Thursday, October 11, 2012

Free-standing Arches: The Arch of Constantine- Rome, Italy

Interesting Places I've Photographed
The Arch of Constantine (Arco di Costantino)
Rome, Italy
Topic: Free-standing Arches, Great Buildings of the World

GPS: N41° 53.400; E 012° 29.435

Quick Description: 

The Arch of Constantine is a magnificent triumphal arch adjacent to the Colosseum in Rome.

Long Description:

This nearly 1700 year old Roman, Corinthian style, monumental arch is remarkably well preserved. The arch was constructed in 315 A.D. to celebrate Constantine the Great's victory over the Emperor Maxentius (Marcus Aurelius Valerius Maxentius Augustus) in the Battle of Milvian Bridge on October 28, 312 A.D. During this battle Maxentius was killed and Constantine gained sole control of the Roman Empire in the West.

The Arch of Constantine is a truly impressive triple arch. Overall, it stands 21 meters high, is 30 meters wide and 7.4 meters deep. The larger central arch spans a distance of 6.5 meters and rises 11.5 meters above the ground. The two smaller side arches span a distance of 3.4 meters and are 7.4 meters high. The Via Triumphalis, the road that victorious emperors used when entering Rome, passes under the arch.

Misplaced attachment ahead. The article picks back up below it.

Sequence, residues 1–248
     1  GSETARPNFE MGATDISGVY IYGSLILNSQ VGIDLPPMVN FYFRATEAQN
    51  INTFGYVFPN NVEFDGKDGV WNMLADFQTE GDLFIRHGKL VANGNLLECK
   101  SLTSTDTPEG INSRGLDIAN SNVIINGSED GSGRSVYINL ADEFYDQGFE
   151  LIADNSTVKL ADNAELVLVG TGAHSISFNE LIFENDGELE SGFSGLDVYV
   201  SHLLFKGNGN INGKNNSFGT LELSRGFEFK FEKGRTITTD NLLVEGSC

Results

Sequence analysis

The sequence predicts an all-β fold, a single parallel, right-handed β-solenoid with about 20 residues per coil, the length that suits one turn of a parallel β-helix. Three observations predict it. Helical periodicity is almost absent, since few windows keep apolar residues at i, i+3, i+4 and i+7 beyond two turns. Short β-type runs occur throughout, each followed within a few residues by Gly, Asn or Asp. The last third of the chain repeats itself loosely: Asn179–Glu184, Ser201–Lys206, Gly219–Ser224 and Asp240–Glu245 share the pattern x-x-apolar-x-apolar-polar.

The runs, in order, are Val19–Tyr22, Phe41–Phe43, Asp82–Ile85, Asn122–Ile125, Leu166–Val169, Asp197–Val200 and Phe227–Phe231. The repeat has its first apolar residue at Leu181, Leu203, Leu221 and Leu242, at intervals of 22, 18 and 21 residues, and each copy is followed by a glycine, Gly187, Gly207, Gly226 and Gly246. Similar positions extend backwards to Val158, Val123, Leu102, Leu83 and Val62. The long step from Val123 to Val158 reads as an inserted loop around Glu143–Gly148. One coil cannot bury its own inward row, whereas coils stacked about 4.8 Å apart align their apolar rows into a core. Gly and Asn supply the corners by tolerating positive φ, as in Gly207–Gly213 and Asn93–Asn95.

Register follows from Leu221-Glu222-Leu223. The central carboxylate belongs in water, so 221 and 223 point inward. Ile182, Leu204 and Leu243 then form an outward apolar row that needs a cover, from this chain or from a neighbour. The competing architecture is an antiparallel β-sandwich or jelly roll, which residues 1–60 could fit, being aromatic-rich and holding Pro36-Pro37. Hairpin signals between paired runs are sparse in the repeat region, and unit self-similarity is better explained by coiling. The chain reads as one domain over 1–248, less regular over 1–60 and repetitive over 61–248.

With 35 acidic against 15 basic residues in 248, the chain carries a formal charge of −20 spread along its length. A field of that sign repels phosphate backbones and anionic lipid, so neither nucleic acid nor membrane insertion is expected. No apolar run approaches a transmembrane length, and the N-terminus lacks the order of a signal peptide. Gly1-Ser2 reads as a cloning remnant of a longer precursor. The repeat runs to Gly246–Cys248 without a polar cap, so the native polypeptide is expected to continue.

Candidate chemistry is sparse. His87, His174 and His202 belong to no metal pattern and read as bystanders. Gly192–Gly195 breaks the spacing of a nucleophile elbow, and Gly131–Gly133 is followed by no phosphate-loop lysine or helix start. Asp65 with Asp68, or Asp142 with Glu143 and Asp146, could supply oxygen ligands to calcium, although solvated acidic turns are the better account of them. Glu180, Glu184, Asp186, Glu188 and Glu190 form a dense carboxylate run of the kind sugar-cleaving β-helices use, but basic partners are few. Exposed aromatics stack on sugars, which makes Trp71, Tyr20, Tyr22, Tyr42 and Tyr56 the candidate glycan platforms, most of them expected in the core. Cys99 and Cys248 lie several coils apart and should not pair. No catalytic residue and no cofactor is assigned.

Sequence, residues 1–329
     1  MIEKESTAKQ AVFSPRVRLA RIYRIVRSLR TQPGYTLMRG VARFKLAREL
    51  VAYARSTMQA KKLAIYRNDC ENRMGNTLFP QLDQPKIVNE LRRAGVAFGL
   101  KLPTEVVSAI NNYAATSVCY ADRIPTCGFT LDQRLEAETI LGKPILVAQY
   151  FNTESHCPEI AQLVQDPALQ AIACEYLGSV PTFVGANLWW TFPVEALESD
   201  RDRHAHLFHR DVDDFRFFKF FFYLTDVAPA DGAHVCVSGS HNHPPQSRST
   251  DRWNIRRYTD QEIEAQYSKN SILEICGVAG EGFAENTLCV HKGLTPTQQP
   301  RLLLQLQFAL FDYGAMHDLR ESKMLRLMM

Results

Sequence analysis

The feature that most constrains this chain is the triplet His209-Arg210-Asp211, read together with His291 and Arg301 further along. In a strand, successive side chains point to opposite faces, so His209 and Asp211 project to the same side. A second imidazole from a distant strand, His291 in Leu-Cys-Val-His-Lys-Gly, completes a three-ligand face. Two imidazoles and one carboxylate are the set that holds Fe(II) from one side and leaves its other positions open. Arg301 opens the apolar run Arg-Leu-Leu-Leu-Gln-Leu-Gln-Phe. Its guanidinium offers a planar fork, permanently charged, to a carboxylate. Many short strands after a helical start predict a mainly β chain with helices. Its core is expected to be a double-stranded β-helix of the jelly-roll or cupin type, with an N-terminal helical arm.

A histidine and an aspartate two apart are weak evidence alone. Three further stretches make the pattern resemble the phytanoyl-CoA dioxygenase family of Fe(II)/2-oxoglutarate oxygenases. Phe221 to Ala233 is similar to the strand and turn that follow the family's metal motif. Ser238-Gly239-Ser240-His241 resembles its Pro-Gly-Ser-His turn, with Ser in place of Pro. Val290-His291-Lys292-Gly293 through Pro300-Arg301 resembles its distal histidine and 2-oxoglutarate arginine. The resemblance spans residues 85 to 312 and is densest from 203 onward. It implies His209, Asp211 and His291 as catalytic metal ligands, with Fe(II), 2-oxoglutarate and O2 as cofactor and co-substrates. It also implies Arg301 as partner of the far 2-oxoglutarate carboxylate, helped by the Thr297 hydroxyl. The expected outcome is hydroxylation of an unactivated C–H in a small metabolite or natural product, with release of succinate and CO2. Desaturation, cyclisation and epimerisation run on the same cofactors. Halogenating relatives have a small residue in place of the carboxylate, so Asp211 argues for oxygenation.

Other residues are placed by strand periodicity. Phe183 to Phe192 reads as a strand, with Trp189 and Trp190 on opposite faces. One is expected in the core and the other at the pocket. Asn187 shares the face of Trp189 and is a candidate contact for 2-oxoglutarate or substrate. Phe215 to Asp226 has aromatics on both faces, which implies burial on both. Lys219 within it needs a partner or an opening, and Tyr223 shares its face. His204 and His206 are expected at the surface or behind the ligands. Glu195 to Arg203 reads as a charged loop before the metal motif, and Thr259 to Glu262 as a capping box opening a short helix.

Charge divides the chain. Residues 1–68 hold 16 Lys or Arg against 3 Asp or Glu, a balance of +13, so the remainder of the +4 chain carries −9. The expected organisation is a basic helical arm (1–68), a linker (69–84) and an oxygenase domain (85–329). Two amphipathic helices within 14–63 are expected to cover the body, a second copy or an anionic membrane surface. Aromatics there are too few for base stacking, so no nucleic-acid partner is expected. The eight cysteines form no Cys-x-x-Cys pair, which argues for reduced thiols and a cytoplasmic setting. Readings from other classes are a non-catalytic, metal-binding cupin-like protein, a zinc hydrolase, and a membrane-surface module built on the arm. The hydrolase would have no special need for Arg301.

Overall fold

Many of the decorative elements were taken from other monuments and re-purposed to glorify Constantine and his military prowess. An original frieze surrounds the arch that re-tells the story of Constantine's victory against Emperor Maxentius. The arch is the most flamboyant, largest, and last of the three imperial arch built in ancient Rome. The Arch of Constantine is very much a political statement. As a monument, it documents a shift of imperial power from one emperor to another.

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